Geert-Jan Rutten: The Broca-Wernicke Doctrine: a historical and clinical perspective on localization of language functions
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Geert-Jan Rutten’s book The Broca-Wernicke Doctrine offers an extraordinary journey through language localization, symptomatology, and its history.
Aphasia and speech-related disorders are generally easily detectable pathologies, but classifying them, discussing them, and localizing the source of the problem remain a major point of discussion and research, especially in neurosurgery. Indeed, neurosurgeons are always facing situations where questions of operability, safe extent of resection, or prognostic of recuperation are addressed.
This is not a new discussion topic and all medical students and physicians have heard of the two most famous scientists who gave their name to language-related areas: Paul Broca and Carl Wernicke.
The reality beyond these two names is at the given time more sophisticated. Many theories and theorists were involved in intense debates. There was no or little consensus regarding the understanding of language pathology.
In this context, it clearly appears that much more has to be known and learnt about this fascinating subject.
Consisting of 306 pages, this book is organized in nine main chapters, each divided in subcategories: (1) “Broca and the Birth of Localization Theories,” (2) “Wernicke and Connectionism,” (3) “Aphasia or Agnosia?,” (4) “The Diagram Makers and Their Critics,” (5) “Naming and Numbering the Convolutions,” (6) “Mapping and Lesioning the Living Brain,” (7) “Neo-connectionism, Neurodynamics and Large-Scale Networks,” (8) “Functional MRI,” (9) “Recovery from Brain Damage.”
Original manuscripts, drawings, and images are suitably placed in the text and provide a unique experience of lecture, between text extracts written by the original historical authors and a summary by Rutten. Selected references to further study the subjects are placed at the end of each chapter.
The first chapters present the early localization theories with their supporters and detractors (Gall, Flourens, Bouillaud, Broca). The book continues with the « theory of connectionism » and Carl Wernicke. It further continues with Lissauer and Freund concepts. To catch the scientific atmosphere that was prevailing, Rutten always proposes opposed theories and opinions from that time in order to get a general feeling for the scientific debate.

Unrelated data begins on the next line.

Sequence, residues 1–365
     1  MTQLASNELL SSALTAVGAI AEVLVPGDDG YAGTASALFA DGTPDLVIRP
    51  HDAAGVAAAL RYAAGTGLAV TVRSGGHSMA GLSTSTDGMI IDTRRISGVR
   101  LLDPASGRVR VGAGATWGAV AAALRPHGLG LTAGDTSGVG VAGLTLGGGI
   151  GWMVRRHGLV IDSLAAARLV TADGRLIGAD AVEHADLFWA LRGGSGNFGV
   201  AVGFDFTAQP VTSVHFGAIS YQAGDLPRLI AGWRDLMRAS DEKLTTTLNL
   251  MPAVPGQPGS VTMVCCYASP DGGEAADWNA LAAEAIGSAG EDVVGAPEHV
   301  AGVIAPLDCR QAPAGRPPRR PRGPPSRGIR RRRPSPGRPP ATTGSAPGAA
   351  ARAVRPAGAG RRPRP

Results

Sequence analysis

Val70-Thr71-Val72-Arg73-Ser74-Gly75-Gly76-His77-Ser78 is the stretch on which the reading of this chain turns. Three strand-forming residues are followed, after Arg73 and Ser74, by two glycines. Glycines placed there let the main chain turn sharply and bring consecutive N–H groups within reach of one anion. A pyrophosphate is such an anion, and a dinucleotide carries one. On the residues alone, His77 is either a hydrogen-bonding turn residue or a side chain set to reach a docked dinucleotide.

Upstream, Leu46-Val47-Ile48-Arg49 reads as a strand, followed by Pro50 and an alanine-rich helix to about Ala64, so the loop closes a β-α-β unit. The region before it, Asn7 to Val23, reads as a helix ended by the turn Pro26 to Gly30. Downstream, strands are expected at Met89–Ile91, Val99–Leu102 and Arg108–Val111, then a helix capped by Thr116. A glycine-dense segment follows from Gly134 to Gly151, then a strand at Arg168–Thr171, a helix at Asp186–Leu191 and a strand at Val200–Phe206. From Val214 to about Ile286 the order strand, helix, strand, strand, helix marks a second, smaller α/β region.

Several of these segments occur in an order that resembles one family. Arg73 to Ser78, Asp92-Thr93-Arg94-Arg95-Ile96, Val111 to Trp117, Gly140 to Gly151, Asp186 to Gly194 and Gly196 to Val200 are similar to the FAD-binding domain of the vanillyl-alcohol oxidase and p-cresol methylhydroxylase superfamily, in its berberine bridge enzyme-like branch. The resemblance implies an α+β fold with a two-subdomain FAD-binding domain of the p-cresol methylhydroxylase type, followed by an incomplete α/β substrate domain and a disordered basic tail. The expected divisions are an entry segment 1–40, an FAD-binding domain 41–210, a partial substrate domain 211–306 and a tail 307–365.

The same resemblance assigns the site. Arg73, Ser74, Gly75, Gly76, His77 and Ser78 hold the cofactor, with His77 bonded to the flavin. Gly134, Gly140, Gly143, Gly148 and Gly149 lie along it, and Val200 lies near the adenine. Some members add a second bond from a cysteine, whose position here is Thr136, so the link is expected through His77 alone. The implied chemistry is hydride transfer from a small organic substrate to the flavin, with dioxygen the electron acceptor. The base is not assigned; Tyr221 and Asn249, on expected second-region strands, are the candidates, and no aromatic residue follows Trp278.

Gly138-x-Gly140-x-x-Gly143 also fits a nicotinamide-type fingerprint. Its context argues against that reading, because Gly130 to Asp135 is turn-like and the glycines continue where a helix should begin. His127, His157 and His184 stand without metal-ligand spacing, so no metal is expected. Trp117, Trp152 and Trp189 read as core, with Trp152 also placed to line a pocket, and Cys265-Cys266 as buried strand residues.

After describing the path that led to naming and numbering the convolutions, the aphasia journey arrives to more modern themes with chapters concerning mapping and lesioning the living brain, and new concepts on connectionism.
The latter are substantiated through an explanation of contemporary techniques for language localization, i.e., by computer-assisted and functional MRI language localization.
The book concludes with the theme of recovery from brain damage.
After reading this book, the reader will have a broad panorama of language in neuroscience, maybe more specifically in neurosurgery, due to the author’s sensibility to this field. And this is what we appreciated in Rutten’s book: clear concepts exposed from a slightly neurosurgical point of view, but with original reference extracts thus giving a genuine impression of diving in the aphasia adventure.
A must read for each neurosurgeon interested in the field of aphasia and also in localization of brain function.